Eagle’s oldest resident tells all | VailDaily.com
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Eagle’s oldest resident tells all

Kathy Heicher
Dominique Taylor/Vail Daily Eagle's oldest resident, Melissa Trezise , 92, shows off one of the many bright quilts she still stitches on her 50-year-old sewing machine.
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EAGLE – Eagle has officially been a town for 100 years.Melissa Trezise, 92, has been here for most of it. She’s Eagle’s oldest resident, and was slated to serve as Grand Marshal of Saturday’s Flight Days Parade. She was the one riding at the head of the parade that marks Eagle’s centennial year.Trezise has lived in Eagle long enough to remember when the property that her house is now located on was a cow pasture. But that’s not all she remembers about the good old days.Eagle’s main street, and all of its streets, were dirt. Grocery shopping was done at one of the general stores downtown, either the E.E. Glenn Store or the Lewis Store. The county fair and rodeo took place directly west of the county courthouse in downtown Eagle.There was a movie theater downtown. The community was close-knit. Dances were often held in the school houses on weekends. Everybody turned out to see the local baseball team play.Telephone calls were made through an operator. The various subdivisions around town – Upper and Lower Kaibab, the Terrace, the Bull Pasture, Eby Creek Mesa, and Eagle Ranch, were working ranches.For many years, when Trezise looked out the window of her house, she could see mountain vistas. Now she can see only tall trees and other houses.The changes that have occurred over the years don’t bother her, though.”The changes make a difference … but you learn to live with it,” she says.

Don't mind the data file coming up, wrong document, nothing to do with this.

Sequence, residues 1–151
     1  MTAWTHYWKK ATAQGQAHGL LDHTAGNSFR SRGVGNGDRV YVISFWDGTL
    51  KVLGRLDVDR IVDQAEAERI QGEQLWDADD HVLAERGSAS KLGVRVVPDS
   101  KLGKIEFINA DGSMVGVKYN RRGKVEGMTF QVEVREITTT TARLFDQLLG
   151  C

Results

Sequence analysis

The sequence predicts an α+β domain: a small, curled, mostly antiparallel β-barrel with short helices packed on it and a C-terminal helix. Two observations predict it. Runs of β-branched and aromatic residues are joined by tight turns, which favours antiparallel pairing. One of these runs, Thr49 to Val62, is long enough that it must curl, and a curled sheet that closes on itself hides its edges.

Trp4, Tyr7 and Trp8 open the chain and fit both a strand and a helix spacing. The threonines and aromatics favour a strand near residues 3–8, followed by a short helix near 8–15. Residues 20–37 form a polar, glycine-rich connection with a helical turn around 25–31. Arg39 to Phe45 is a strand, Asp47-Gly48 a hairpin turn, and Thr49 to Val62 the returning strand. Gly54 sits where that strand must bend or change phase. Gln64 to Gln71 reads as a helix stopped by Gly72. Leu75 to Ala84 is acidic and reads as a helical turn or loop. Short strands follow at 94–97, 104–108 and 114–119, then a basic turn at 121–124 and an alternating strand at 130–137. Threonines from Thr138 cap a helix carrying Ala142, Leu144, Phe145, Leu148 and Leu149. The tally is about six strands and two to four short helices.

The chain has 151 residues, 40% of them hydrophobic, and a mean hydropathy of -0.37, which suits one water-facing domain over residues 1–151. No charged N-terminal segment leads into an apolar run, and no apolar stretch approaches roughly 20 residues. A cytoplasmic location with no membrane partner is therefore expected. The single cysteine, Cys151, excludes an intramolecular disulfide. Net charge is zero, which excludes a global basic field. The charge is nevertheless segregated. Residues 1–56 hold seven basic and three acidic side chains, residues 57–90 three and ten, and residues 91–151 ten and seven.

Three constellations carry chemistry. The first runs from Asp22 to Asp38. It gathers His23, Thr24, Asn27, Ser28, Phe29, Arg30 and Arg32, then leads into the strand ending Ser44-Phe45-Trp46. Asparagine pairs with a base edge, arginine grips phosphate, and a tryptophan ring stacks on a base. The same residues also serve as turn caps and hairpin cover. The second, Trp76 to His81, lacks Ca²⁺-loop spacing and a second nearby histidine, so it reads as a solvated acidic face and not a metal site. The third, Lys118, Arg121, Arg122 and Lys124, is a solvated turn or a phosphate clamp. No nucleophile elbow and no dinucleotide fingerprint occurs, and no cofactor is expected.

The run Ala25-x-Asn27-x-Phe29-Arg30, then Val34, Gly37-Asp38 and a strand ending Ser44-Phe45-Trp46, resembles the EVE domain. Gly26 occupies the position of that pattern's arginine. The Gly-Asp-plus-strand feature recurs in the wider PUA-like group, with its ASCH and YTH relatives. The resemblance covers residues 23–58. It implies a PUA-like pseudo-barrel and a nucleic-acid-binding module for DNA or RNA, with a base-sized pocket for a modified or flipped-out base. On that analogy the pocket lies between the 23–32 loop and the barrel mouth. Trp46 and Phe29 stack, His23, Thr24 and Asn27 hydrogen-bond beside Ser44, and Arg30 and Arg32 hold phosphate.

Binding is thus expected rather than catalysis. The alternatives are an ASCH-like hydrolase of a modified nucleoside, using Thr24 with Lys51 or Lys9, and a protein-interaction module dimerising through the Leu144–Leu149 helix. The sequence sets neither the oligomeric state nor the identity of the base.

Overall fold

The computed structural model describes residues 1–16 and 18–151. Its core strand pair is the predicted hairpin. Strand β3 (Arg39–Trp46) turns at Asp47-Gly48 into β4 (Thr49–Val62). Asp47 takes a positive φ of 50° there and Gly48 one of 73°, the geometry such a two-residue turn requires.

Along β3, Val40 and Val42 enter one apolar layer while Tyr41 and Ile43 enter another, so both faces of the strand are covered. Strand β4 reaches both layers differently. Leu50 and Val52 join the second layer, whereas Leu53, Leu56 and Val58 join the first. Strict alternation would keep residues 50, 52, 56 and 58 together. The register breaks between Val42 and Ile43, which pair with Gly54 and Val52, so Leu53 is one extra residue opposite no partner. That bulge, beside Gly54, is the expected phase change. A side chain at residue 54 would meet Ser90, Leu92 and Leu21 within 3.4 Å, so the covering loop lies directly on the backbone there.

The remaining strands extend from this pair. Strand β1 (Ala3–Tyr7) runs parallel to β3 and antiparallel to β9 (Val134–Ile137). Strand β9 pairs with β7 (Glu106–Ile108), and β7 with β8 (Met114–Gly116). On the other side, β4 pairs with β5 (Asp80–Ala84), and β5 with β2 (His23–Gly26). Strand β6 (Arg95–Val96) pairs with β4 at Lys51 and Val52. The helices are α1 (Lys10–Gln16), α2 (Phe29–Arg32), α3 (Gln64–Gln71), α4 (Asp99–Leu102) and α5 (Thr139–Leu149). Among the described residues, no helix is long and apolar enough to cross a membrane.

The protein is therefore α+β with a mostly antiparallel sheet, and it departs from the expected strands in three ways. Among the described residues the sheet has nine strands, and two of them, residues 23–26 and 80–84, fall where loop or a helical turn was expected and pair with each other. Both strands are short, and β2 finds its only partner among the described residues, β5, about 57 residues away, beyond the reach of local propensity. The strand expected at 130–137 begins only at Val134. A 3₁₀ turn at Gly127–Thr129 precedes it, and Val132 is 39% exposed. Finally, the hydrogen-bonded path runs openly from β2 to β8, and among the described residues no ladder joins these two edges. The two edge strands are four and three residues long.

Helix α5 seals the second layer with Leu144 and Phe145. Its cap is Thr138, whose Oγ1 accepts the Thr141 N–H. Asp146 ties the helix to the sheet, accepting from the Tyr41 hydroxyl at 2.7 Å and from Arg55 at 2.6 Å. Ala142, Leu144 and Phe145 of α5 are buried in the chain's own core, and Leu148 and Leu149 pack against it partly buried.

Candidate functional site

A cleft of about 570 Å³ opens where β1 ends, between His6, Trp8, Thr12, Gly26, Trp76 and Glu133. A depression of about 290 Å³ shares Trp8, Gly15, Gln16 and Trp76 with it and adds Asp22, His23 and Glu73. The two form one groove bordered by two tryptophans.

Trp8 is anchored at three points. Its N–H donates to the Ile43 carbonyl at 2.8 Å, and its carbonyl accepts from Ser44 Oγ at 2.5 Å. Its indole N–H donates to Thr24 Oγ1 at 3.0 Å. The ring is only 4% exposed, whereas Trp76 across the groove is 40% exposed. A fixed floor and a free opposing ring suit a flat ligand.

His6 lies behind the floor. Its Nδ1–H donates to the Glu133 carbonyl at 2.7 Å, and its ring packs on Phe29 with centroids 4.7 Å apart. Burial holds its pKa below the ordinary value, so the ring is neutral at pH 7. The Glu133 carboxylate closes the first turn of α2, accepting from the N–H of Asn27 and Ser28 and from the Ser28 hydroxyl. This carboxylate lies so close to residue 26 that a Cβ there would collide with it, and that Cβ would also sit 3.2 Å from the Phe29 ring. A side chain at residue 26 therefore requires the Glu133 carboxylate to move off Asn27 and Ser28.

Nine decades in EagleActually, Trezise is a native of Gypsum. She was born in 1913 to Hester and Hans Larsen. Her father, an immigrant from Denmark, spent his life working on ranches, raising hay, grains and some potatoes. The family moved to Eagle when Melissa was about 2 years old. Her dad worked ranches below Castle Peak, where the Kaibab subdivision is now located, and on Brush Creek.”It was a lot of work. It was all done by hand at the time,” recalls Trezise. Teams of horses drew hay mowers and rakes at harvest time.Growing up, Trezise helped her mother with household chores and with tending to her younger brother.She always loved school. “I wanted to be a teacher from the time I was a little girl,” she remembers.She completed her education at Eagle High School in just three years, combining her sophomore and junior classes into a single year at the request of the principal, who wanted to ensure there would be a graduating class. Trezise rose to the challenge, and graduated from high school in 1929 at the age of 16.”I was the baby of the outfit,” she says, with a smile.With her eye on the goal of becoming a teacher, Trezise headed off to the Colorado State College of Education in Greeley. In two years, she had a teaching certificate, and a job as teacher at the Catamount school, a one-room school serving the ranching families of the Burns Hole area in northern Eagle County. Her first class had eight students in grades kindergarten through eighth. The teaching contract paid her an annual salary of $720, and stipulated that she remain unmarried.After Catamount, she taught a year at Edwards, then went to the Brush Creek School south of Eagle (where the School House Ranch now stands).